Coronavirus: German health minister describes outbreak as 'manageable'

Jens Spahn says medical facilities have not become overwhelmed as experts urge caution

Beta V.1.0 - Powered by automated translation

The coronavirus outbreak has become "manageable" again in Germany as the number of patients who have recovered has been higher than new infections every day this week, according to the health minister, Jens Spahn.

Just days after Germany announced an easing in lockdown restrictions, Mr Spahn told a press conference that the country’s health care system had “at no time been overwhelmed so far”.

"The outbreak has - as of today - become controllable and manageable again," he said.


Germany has recorded nearly 138,000 positive Covid-19 cases - the fifth highest globally - but has kept the death rate attributed to the pandemic below 3,900. The German authorities have also been praised for their quick reaction in dealing with the outbreak, carrying out significantly more tests for the virus than most of their counterparts in other countries.

The German Chancellor, Angela Merkel, said on Wednesday that the nation would take small steps out of the lockdown with the partial reopening of shops next week and schools from May 4.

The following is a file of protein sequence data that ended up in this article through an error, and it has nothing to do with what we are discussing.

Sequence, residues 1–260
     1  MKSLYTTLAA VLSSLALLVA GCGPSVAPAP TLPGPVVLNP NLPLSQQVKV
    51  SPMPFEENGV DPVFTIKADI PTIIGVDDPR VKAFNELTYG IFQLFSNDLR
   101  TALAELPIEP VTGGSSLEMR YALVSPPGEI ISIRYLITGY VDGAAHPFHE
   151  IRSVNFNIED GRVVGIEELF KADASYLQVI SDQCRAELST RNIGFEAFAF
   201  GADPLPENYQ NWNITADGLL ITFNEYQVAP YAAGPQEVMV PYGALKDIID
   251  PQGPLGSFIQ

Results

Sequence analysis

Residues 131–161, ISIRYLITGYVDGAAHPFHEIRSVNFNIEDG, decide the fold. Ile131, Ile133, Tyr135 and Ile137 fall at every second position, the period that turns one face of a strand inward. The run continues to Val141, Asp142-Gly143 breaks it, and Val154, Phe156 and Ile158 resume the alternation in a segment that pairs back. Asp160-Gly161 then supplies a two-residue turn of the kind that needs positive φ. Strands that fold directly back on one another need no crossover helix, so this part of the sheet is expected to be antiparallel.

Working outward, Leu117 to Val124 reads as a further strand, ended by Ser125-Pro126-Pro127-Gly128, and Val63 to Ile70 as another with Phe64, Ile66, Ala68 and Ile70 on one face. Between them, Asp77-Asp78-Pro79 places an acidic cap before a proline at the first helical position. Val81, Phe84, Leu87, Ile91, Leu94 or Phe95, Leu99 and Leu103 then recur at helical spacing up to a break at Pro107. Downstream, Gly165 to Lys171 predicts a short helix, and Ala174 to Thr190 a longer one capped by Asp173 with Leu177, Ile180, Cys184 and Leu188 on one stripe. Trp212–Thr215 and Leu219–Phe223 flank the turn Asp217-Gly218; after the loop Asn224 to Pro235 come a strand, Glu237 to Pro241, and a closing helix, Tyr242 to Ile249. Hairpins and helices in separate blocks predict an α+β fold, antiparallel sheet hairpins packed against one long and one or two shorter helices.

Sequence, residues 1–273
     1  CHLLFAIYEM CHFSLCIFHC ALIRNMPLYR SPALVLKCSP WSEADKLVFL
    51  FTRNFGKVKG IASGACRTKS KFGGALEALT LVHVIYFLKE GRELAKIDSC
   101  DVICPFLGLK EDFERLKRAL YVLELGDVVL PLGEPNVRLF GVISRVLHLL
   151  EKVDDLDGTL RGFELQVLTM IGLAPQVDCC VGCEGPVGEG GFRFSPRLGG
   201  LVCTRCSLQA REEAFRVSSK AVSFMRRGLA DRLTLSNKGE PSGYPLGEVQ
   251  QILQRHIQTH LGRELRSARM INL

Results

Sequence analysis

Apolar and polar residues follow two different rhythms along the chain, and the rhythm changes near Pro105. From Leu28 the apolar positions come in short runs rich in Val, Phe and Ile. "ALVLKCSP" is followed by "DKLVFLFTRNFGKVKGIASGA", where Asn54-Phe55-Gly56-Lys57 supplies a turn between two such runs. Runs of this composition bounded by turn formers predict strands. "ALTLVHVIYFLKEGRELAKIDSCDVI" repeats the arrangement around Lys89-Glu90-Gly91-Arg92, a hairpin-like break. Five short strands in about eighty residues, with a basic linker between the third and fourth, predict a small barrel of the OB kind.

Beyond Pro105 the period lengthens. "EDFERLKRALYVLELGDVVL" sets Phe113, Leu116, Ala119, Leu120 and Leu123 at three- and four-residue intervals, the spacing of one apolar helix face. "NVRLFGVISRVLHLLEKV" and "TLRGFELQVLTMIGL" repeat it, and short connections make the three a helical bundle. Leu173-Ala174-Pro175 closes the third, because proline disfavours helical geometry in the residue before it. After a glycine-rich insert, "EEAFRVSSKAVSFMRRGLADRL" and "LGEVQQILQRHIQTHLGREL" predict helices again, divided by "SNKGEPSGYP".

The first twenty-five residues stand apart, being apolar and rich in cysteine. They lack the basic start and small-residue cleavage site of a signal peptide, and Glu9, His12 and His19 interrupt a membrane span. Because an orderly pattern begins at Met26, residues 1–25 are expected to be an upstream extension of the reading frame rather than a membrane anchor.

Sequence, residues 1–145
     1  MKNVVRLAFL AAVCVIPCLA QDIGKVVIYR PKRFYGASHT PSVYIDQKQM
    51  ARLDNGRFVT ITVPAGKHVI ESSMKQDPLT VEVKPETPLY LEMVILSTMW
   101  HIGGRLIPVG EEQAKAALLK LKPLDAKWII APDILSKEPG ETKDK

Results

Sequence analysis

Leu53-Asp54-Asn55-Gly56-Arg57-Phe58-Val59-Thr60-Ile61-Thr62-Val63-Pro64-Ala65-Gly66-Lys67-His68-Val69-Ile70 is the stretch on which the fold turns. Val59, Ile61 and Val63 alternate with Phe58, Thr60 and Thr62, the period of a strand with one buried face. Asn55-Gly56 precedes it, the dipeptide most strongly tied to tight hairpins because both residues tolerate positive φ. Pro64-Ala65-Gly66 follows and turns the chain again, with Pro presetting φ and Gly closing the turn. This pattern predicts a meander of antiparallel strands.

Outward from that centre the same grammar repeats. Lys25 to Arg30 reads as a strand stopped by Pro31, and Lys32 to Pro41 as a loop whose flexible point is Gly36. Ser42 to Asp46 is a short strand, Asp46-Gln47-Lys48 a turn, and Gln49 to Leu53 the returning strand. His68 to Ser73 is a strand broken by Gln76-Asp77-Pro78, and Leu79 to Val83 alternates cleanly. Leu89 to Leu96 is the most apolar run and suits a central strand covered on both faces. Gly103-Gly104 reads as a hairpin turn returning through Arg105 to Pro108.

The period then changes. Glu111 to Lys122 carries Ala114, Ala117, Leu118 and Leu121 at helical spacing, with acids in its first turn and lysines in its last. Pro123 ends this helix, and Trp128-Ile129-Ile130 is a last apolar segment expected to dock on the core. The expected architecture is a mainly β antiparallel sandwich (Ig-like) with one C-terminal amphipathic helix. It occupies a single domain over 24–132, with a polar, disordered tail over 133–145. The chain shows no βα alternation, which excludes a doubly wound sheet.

Mrs Merkel also warned that there was "little margin for error" and that "caution should be the watchword, not over-confidence".

Lothar Wieler, the president of the Robert Koch Institute, a government agency focused on disease control, struck a note of even greater caution as he counselled that a new infection outbreak was possible.

"We have withstood a first wave very well, achieved through a joint effort by society, but that can change any time," Professor Wieler said.

Each disease carrier in Germany was infecting fewer than one other person - the person-to-person rate dropping to 0.7 - according to latest data from the Institute.

According to Mr Spahn, Germany was possibly as close as a fortnight away from releasing a contact tracing app that would allow users to track when they had been exposed to an infected person. However, more time might be necessary for the technology to be fully developed. "For it to be really good, it needs more like three to four weeks rather than two weeks," he said.